The Boston Celtics canned all the fancy plays and pretty moves yesterday and came at the Bullets as a mass of intimidating, hulking green giants.

The defending National Basketball Association champions blocked 16 shots, forced Washington into shooting 35 percent and came away with a convincing 92-83 victory before 15,035 at Capital Centre. Boston has a 2-1 lead in their best-of-seven Eastern Conference semifinal playoff series. Game 4 will be this afternoon at Capital Centre at 1:05; it will not be televised locally.

This was not vintage fast-break Celtic basketball, merely strength against strength inside. The Celtics were stronger this day, particularly 7-foot center Robert Parish, who scored 25 points and had 13 rebounds and six blocked shots.

"This was a great individual performance by Parish," said Bullet Coach Gene Shue. "They only went with one or two plays and the rest of the time they were just going to Parish."

Parish, who took only 11 shots in Wednesday's 103-102 Washington victory, said he was letting the Bullets "body me out of position" in the first two games of the series, moving him out of range for his usually reliable turnaround jump shots. That was not the case yesterday, when Parish was also a dominating presence on defense, preventing the Bullets from taking their usual shots.

"He was roaming and trying to block everything," said Rick Mahorn of the Bullets. "That's what a center is supposed to do."

The Celtics scored first on a three-point play by Cedric Maxwell. They never trailed and the score was never tied thereafter. Both teams were in foul trouble virtually the entire game, and 61 fouls were called by Paul Mihalak and Jess Kersey.

They also called three technical fouls, one on each coach and another on Mahorn. The Bullet center was ejected from the game for hitting Gerald Henderson with the ball after a play was over late in the fourth quarter. Both benches emptied during the scuffle that followed, but no punches were thrown.

The Bullets were hurt more by the fouls than were the Celtics, who have stronger reserves. The Celtics' Larry Bird committed his fifth foul with 4 1/2 minutes left in the third period and did not come back until 4:46 remained in the fourth. The Celtics were up by eight points when he left, and by 11 when he returned.

The Bullets were not as fortunate. When Don Collins committed three fouls in the first six minutes, he was replaced by Kevin Grevey, already bothered by a pulled abdominal muscle. Then Grevey was accidentally poked in the eye by M.L. Carr soon after entering the game.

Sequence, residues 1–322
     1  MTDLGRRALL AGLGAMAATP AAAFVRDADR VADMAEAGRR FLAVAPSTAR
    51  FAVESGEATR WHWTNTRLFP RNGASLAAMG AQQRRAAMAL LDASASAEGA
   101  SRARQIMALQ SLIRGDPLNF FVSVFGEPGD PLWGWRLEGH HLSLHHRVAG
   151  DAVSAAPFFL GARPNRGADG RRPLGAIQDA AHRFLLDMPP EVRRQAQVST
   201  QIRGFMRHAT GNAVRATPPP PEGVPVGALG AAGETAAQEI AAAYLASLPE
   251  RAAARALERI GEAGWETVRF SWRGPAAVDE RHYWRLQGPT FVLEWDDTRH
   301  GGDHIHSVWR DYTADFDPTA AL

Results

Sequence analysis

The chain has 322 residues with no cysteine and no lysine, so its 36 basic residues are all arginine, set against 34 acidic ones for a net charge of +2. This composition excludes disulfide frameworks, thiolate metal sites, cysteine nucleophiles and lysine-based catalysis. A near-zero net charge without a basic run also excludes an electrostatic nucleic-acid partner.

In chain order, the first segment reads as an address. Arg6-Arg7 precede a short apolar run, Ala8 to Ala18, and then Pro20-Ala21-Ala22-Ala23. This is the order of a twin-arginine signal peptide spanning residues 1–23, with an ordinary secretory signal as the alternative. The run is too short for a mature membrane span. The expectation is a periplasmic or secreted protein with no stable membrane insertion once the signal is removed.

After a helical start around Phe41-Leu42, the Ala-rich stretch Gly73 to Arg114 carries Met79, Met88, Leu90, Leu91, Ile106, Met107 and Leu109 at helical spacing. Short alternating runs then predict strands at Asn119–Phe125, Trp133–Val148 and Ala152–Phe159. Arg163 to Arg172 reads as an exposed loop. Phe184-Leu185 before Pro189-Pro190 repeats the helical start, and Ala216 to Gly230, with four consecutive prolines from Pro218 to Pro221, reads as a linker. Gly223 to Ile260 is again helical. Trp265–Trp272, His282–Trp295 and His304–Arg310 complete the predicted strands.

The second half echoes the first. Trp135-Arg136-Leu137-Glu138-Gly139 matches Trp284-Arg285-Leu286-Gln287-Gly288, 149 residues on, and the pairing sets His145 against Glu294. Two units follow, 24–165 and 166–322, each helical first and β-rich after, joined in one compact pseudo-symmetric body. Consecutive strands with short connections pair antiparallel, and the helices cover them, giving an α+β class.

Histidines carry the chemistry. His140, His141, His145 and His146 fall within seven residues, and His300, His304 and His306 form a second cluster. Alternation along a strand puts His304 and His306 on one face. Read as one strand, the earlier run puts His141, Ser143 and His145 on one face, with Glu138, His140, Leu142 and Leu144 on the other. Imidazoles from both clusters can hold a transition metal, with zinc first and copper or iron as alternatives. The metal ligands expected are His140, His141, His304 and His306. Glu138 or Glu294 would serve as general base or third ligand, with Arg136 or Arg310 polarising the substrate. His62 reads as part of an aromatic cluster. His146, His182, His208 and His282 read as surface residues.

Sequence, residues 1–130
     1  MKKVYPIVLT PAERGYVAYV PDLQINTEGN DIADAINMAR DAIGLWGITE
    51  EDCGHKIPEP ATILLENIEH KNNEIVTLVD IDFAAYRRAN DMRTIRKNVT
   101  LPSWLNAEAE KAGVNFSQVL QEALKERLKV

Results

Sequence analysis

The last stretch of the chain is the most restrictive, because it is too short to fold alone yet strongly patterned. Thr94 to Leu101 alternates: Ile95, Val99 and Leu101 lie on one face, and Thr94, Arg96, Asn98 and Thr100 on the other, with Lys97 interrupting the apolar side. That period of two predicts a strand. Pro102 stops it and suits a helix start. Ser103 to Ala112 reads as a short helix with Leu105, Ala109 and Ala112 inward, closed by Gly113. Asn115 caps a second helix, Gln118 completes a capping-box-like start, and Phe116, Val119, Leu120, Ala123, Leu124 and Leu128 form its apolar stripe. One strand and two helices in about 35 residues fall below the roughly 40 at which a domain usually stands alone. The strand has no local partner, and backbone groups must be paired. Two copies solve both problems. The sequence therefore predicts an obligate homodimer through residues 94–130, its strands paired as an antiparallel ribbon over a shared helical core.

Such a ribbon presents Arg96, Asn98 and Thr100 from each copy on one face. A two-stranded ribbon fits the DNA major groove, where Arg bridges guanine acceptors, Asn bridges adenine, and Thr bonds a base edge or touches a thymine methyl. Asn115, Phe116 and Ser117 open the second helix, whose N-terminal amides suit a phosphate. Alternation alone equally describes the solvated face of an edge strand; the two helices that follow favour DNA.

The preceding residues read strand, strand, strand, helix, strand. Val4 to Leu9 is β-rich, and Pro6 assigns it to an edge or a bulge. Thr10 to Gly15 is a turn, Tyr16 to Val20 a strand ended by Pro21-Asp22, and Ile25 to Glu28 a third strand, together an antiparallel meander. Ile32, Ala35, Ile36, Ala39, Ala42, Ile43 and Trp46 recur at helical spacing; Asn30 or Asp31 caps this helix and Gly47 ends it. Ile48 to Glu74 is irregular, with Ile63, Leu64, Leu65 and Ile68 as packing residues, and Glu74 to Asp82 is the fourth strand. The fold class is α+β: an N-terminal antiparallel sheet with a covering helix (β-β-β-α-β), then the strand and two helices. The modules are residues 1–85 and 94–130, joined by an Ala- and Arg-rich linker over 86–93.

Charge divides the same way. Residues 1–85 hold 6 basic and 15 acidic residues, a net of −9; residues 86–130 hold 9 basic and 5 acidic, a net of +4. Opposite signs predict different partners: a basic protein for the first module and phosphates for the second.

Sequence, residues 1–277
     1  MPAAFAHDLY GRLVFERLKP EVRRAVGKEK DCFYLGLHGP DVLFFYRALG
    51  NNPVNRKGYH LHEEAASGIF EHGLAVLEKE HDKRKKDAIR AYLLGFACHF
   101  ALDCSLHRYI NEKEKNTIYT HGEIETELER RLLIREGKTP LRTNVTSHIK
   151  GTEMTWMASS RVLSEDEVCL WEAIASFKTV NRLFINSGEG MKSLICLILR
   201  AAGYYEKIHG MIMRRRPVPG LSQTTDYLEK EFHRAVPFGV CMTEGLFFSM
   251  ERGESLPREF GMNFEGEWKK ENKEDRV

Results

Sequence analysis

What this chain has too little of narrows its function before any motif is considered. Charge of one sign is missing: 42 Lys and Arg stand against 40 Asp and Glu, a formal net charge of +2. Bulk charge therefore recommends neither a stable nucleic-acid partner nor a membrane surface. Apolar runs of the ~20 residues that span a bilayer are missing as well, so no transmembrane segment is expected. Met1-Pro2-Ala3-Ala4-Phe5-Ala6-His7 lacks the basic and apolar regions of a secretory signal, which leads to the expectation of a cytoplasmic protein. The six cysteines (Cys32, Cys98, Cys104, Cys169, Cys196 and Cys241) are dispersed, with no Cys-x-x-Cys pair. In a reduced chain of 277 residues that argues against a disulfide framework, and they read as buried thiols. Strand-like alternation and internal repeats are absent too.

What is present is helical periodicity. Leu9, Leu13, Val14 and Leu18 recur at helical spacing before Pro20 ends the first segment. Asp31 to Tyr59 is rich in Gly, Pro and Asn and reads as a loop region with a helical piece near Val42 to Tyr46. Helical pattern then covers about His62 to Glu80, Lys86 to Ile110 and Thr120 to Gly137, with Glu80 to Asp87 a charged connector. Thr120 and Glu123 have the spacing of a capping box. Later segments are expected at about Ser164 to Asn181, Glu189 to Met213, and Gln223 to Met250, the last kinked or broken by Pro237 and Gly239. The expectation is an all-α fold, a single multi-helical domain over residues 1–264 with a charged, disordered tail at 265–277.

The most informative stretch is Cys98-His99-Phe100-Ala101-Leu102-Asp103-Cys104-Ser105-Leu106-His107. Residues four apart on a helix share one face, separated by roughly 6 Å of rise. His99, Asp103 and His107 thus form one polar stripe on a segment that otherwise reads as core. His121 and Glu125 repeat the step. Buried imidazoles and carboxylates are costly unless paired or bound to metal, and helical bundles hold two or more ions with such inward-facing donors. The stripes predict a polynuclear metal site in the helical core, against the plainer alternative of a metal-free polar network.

Grevey started experiencing double vision, so Shue was forced to go with Garry Witts, who committed three fouls in seven minutes. Shue's next move was to try Greg Ballard at guard; he was zero for two while at the position.

As surely as the Celtics won the game up front, the Bullets lost it in the back court, with only 13 total points from six guards. Frank Johnson, the hero of Wednesday's victory, had the worst shooting day of any Bullet this season, missing 19 of his 22 shots. Collins was zero for two and didn't score, Grevey was zero for two and scoreless and Witts didn't take a shot. John Lucas made one of three field goals.

"I guarantee I'll shoot better than that tomorrow," said Johnson.

"Three for 22, that's not bad, 16 of them were blocked," Bullets General Manager Bob Ferry said to Johnson. After someone said Johnson had seven rebounds, Assistant Coach Bernie Bickerstaff said, "Those were from the blocked shots, Frank. You got them back."

Shue said that Johnson was penetrating well with the ball, "but he kept getting them blocked. He's got to pull up and take the jumper sometimes."

Cedric Maxwell scored 11 of his 20 points in the first quarter as the Celtics took a 28-18 lead. They held that 10-point advantage in the second quarter and led, 48-38, at halftime.

Boston led by as many as 13 points in the final period, the last time at 84-71, on a move inside by Maxwell with 4:28 to play.

The Bullets made the best run of the day at that point, closing within 84-78, with 2:31 remaining. Jeff Ruland started the 7-0 run with a layup, Frank Johnson made a three-point field goal and then Ballard scored on a layup after a feed from Johnson.

Following a timeout called by the Celtics, Parish ended the rally with a 10-footer. After a Bullet miss, Tiny Archibald made a 15-foot jump shot for an 88-78 lead with 1:36 remaining and the Bullets were done. They vented their frustration in the bench-clearing episode that came after Mahorn threw the ball at Henderson.

"I thought the big difference in the game was in the first half," said Shue. "They hit the offensive board, got that lead and never let us in the game. We just couldn't dig into the lead. They had complete control. It was a typically hard-fought defensive game. The big difference late was that they were going to Parish and he was fantastic."